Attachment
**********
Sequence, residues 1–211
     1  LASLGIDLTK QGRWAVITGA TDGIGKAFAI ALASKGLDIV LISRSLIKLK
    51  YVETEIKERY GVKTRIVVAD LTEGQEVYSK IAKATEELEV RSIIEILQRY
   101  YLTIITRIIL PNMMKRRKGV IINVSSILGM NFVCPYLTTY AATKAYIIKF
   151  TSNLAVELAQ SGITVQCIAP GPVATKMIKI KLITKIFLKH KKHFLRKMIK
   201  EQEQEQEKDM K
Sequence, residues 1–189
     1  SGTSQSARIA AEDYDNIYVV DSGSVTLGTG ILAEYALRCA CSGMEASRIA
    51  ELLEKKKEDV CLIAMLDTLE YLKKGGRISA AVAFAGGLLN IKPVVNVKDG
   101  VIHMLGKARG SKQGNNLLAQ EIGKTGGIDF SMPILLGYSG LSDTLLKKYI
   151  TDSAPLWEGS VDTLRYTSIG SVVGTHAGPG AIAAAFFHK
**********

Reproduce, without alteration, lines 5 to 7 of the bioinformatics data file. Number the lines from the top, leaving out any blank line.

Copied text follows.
   151  TSNLAVELAQ SGITVQCIAP GPVATKMIKI KLITKIFLKH KKHFLRKMIK
   201  EQEQEQEKDM K
Sequence, residues 1–189